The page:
Tag Archives: PS4

Xeodrifter Review

Quality Metroid clones don’t come around everyday and Xeodrifter, even for it’s flaws, is one of the most fun I’ve experienced. For some the 10 dollar price tag and relatively short 3-4 hours worth of gameplay might be off putting, but Xeodrifter provides an unoriginal, but enjoyable few hours of exploring various alien worlds while it lasts.

Xeodrifter is light on story and that’s okay. Our hero’s ship gets damaged during flight and it’s up to the player to help them recover their ships lost hyper drive. Simple enough, but the challenge comes from exploring the nearby planets, fending off each one’s fauna, and collecting many power-ups and abilities along the way. It doesn’t get more Metroid esque then that, but that’s where the majority of the similarities stop and Xeodrifter offers up a few of it’s own original ideas.

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Xeodrifter’s ace in the hole is it’s customizable weapon loadouts. While checking each nook and cranny along your adventure, players are sure to stumble upon a few weapon power-up nodes. These can be used on the inventory/map screen to customize the fire pattern, speed, and power of your main weapon. This system really isn’t that deep as you only have one weapon to actually upgrade throughout the entire game and most players will quickly come to find out that simply upgrading power and rate of fire is easily the best choice for any situation. Still, it’s fun to mess around with and the ability to save up to three different loadouts is a nice touch. I do want to give the designers credit for designing the weapon power-ups in such a way as the player does feel truly empowered throughout the game if they search high and low for most or all of the upgrades.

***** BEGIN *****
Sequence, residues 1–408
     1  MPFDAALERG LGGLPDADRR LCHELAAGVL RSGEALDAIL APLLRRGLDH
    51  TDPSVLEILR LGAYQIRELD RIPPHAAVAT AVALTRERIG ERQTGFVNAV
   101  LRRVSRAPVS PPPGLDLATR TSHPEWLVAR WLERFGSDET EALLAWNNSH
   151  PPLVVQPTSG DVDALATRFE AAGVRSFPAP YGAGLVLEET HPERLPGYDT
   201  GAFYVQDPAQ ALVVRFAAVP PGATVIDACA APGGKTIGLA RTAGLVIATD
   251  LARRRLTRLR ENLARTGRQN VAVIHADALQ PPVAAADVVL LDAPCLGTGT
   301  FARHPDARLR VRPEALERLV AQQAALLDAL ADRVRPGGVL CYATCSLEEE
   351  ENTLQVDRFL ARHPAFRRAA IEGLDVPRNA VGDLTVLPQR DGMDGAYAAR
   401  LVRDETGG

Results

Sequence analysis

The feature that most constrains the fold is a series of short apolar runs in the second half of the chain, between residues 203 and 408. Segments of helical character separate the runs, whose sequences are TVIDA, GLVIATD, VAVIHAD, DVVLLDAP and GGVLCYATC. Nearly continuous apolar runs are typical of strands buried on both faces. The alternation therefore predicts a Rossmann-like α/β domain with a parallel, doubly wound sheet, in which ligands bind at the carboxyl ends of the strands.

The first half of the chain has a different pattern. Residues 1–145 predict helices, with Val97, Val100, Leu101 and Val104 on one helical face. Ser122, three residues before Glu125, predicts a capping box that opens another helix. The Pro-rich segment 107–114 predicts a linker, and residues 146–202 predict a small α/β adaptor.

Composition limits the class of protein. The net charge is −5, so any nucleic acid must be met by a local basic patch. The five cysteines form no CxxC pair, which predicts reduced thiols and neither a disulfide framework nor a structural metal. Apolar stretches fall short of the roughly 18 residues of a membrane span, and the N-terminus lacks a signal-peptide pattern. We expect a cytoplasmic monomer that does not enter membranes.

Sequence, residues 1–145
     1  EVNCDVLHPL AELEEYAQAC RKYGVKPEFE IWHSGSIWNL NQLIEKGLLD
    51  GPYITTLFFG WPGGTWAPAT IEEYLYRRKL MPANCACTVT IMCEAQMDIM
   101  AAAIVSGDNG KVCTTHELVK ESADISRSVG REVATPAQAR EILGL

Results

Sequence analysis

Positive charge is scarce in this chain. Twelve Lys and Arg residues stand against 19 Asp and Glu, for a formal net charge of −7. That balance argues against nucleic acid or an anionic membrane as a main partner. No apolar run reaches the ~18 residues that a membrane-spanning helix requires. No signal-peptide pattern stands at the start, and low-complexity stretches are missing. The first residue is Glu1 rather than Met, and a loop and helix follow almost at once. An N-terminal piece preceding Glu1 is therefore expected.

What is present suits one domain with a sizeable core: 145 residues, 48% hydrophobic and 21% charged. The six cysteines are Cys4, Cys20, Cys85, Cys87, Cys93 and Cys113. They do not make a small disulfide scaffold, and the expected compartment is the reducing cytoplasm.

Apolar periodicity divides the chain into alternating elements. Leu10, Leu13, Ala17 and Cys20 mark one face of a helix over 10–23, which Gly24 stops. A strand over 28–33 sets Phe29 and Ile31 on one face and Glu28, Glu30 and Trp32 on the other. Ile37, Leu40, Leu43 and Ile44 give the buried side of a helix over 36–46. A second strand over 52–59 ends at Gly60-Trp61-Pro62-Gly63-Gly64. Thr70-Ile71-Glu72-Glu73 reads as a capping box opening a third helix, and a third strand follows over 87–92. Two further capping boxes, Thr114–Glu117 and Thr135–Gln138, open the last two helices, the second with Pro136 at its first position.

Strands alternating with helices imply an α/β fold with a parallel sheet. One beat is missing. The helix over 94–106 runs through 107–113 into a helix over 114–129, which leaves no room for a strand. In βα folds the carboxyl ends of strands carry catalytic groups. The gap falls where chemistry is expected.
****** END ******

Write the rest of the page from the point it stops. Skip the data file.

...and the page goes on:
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This is important due to Xenodrifter being difficult in the beginning stages. Probably too difficult actually. Enemies don’t do a ton of damage, but with such a low life pool starting out and very few opportunities to refill during stages, most players will die a few times starting out. I appreciate the concept of making the player feel somewhat helpless. Enemies and platforming are not particularly challenging, but I wasted a lot of time within the first hour of playing simply losing all of my progress and restarting the level due to either a couple of mistakes or not knowing what to expect around the next corner. This will turn some players away and I can’t blame them.